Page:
PITTSBORO — Mosaic, a mixed-used development under construction at Chatham Park, has made quiet but steady progress through the pandemic and will reach several landmarks over coming months, …
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PITTSBORO — Mosaic, a mixed-used development under construction at Chatham Park, has made quiet but steady progress through the pandemic and will reach several landmarks over coming months, according to developer Kirk Bradley.
The 44-acre “entertainment and lifestyle destination” at U.S. Hwy. 501 and Russet Run Road has been in development since 2016 and is projected to cost $180 million by completion in 2024. It will include more than 200,000 square-feet of retail shops, restaurants and other businesses, including a 121-key Hampton Inn & Suites, 165 apartment units, 50 luxury condominiums and 88,000 square-feet of technical and creative office space.
Already, UNC Urgent Care of Chatham Park and UNC Rheumatology of Chatham Park have opened on site, occupying 7,500 square-feet in one of 19 buildings that will eventually populate the complex. Three buildings are complete and another three are underway, with about 18 new tenants expected to open their doors in coming months.
“There’s a lot of really exciting stuff coming up,” Bradley told the News + Record. “We’re going to have a lot of restaurants and things opening here in the next 30 to 60 days, so it’s a very exciting time.”
Restaurants joining the Mosaic community include O’Ya Cantina, a new sister location to Chapel Hill’s popular Latin restaurant; Jersey Mike’s Subs; and Greek Kouzina. Mosaic will also host David Sadeghi’s fourth Town Hall Burger + Beer and second People’s Coffee locations. Hops and Berry, a self-serve tap house and restaurant, has committed to Mosaic but will not open until late 2022.
“Restaurants are, of course, what a lot of people look forward to most,” said Bradley, who is also part-owner of Chatham Media Group, the News + Record’s parent company. “I think we’ve got a diverse selection of really good-quality options that folks will enjoy.”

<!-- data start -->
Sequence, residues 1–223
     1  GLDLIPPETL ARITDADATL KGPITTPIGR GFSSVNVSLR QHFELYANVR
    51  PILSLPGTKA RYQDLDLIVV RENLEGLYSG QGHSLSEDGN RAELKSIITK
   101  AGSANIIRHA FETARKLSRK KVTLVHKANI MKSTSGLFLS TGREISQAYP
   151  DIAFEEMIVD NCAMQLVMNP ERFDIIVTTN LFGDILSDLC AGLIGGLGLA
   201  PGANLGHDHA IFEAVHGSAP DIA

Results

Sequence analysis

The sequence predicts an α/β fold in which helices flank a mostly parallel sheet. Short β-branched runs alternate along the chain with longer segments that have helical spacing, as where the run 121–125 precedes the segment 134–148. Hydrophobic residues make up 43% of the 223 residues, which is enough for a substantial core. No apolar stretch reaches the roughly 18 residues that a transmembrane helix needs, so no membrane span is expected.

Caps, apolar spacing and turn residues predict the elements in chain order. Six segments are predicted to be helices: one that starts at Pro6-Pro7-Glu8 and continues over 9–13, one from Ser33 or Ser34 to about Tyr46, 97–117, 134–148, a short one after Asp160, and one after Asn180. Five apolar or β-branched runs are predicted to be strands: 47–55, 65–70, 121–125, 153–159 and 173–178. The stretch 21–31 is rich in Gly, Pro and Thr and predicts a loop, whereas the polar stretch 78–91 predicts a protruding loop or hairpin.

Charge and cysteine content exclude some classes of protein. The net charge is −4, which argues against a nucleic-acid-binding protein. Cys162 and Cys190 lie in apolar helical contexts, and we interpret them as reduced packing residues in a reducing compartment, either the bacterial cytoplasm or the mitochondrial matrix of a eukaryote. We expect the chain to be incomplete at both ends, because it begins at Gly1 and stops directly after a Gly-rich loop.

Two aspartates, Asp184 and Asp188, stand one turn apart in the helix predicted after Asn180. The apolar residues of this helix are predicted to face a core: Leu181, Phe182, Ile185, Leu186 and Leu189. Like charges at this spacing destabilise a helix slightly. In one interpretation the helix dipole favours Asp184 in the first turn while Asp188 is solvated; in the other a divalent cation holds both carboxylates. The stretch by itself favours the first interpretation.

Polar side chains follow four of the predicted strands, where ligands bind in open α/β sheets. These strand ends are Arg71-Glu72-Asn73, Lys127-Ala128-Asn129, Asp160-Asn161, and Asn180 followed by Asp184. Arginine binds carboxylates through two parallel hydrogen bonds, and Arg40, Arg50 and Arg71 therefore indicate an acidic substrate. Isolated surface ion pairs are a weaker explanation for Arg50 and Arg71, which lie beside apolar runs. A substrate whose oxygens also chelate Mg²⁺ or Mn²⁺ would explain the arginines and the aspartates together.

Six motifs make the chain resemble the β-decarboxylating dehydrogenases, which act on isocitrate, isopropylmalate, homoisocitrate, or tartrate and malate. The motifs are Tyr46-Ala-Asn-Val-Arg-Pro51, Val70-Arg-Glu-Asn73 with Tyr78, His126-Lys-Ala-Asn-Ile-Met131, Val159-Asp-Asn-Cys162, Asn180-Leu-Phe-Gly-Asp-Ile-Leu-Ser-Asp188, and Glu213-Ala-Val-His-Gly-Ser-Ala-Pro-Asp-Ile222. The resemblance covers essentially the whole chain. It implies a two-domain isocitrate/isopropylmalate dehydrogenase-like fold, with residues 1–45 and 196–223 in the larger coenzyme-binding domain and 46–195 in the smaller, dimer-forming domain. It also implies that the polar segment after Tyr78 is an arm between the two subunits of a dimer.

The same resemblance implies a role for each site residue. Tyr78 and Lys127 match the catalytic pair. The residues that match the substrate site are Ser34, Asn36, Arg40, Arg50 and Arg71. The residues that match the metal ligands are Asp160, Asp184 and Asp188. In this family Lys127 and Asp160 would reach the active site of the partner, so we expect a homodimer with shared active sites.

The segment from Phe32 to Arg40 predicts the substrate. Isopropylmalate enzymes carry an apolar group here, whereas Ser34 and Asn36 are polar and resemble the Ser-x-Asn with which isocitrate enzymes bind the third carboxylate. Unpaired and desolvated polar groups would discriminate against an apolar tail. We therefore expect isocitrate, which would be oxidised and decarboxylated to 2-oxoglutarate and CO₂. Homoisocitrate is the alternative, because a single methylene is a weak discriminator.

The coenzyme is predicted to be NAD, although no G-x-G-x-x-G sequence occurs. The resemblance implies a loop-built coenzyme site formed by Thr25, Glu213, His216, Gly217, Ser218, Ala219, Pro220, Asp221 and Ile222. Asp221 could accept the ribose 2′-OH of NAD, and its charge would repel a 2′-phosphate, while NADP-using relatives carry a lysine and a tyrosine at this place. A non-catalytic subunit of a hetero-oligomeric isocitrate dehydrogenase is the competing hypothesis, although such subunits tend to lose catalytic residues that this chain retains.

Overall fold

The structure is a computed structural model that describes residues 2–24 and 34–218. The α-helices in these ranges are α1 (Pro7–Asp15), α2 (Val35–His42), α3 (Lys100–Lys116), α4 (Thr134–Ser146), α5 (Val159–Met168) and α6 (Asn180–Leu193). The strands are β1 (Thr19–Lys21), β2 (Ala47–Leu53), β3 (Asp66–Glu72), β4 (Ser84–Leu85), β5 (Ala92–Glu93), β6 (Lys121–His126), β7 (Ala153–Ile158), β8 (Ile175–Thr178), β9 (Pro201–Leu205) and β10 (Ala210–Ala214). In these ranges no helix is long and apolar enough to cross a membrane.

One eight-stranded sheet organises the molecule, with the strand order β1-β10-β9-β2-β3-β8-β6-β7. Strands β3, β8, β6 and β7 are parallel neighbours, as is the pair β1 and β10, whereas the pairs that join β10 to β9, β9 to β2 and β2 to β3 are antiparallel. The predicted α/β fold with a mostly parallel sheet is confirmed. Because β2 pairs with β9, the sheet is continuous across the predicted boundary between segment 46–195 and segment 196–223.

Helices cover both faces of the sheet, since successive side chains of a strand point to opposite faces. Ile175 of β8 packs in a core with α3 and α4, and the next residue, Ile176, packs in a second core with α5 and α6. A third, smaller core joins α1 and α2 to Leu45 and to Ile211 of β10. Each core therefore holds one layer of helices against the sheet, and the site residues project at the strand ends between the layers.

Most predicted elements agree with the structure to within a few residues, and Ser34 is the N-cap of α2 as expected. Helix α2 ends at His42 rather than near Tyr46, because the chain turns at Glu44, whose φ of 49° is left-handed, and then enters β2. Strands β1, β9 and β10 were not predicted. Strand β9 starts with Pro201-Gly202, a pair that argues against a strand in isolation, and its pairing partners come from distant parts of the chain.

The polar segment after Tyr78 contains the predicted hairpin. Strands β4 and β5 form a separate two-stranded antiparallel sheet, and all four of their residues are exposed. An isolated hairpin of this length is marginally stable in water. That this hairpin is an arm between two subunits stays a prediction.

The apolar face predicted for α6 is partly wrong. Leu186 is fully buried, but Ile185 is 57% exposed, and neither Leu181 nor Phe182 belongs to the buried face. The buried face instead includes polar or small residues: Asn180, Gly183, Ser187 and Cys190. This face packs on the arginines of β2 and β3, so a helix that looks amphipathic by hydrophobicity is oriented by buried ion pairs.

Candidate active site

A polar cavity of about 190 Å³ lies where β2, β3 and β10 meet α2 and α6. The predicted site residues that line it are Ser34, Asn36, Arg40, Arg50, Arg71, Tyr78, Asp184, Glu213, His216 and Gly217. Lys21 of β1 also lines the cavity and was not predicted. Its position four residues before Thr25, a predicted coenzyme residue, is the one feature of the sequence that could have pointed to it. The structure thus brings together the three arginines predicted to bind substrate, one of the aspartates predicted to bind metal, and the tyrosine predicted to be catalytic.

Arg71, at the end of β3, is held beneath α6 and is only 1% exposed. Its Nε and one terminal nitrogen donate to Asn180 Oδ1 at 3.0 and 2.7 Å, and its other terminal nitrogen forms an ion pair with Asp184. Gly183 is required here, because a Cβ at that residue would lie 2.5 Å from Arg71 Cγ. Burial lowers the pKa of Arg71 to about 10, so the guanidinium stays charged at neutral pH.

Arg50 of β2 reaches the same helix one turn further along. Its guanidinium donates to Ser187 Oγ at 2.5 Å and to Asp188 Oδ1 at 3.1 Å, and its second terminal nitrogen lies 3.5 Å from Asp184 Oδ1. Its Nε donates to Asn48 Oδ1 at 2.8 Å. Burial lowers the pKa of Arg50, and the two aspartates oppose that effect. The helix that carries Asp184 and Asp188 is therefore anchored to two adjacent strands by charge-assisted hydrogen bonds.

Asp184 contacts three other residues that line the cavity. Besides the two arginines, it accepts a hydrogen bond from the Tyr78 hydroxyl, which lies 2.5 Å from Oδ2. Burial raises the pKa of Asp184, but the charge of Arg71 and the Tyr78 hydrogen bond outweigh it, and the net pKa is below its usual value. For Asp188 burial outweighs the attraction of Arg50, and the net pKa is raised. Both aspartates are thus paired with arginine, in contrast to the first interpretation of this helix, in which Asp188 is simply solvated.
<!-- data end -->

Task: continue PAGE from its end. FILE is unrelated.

New service providers will include a 2,500-square-foot Lux Nail Salon; Harris & Co. Insurance and CMG Financial Mortgage. Those interested in future residential options can visit the 1,400-square foot Mosaic Sales & Leasing Center to learn about for-sale homes at Tessera at Mosaic, a 50-unit luxury condominium collection, and The Guild, which will comprise 165 apartments.
Refuel — a gas and convenience station — and Hampton Inn & Suites have each purchased outparcel sites. Refuel was scheduled to open in mid-September and Hampton Inn plans to start construction in late October. Several office tenants will also move into a two-story office-over-retail building next month, including CE Group, Finley Design, Lee-Moore Capital Company, Sanford Contractors, Inc. and Mosaic’s property management office staffed by KANE Realty Corporation. An event lawn, called Mosaic Family Commons, is almost complete and will host its first event in early October (see sidebar story).
In total, 96% of currently available retail space and 45% of the office, technical and creative spaces have been leased.
“We’re kind of going zero to 100 here,” Bradley said. “And the nice thing is we’re opening — rather than one or two sort of isolated buildings — a real critical mass with several things that people can come and see and do in October.”
The announcements follow a challenging year in which spiking commodity prices and labor shortages strained the construction industry. Mosaic is about a year behind schedule, Bradley estimates, but the pandemic has yielded some positives.
“I think people have really had the chance to think about how they want to live and work as a result of the pandemic,” Bradley said, “and that has mostly worked out to our benefit. People are looking and saying, ‘Hey, we can live in a place like Chatham Park because they’re going to have something like Mosaic that sort of brings things together.’”
Bradley calls it an “urban-burb” model — melding the conveniences of city living with the privacy and comfort of the suburbs.
“It has a sense of urbanity,” he said. “People, Millennials especially, might be looking to raise families and so they may be looking at single family homes. But they want to find homes that are adjacent to an area that has the sort of activities they enjoy.”
Compared to 18-hour cities such as Raleigh and Durham, Mosaic will strive for a “sweet spot activation” of about 16 hours per day. “So hopefully that will meet and balance everybody’s desires,” Bradley said.
Mosaic’s partial opening marks the first major, non-residential milestone of the larger Chatham Park development. Upon completion, the 7,000-acre community will host more than 60,000 residents between about 22,000 homes. It will include 22 million square-feet of office, research, retail and educational space. Within a 25-minute drive of Chatham Park, “the population is expected to grow by more than 13% to 228,100 with an average household income $137,000 by 2025,” according to a Mosaic press release.
“I’m excited about where we are and where it’s going,” Bradley said. “I think we’ve got some real momentum, and I hope we’re representative and inclusive of all of current and future Pittsboro and Chatham County. It’s not easy to do these sort of projects, but I think we’ve got something really special.”
To learn more about Mosaic, visit www.Mosaicatchathampark.com.
Reporter D. Lars Dolder can be reached at email@example.com and on Twitter @dldolder.